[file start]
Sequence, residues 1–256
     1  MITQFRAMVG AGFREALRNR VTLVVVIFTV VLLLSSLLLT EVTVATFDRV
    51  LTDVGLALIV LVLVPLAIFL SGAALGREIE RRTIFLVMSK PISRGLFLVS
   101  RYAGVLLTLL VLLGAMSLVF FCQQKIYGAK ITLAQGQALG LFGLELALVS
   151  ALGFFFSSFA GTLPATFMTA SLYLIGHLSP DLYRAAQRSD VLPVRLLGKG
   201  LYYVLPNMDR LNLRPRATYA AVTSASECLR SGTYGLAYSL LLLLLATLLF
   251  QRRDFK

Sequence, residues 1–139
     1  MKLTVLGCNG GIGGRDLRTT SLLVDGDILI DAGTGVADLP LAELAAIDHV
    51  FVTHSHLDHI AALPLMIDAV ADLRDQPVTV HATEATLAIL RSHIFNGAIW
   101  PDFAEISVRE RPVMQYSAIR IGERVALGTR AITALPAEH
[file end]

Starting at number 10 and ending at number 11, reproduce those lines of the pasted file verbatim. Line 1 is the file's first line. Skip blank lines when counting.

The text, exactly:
    51  FVTHSHLDHI AALPLMIDAV ADLRDQPVTV HATEATLAIL RSHIFNGAIW
   101  PDFAEISVRE RPVMQYSAIR IGERVALGTR AITALPAEH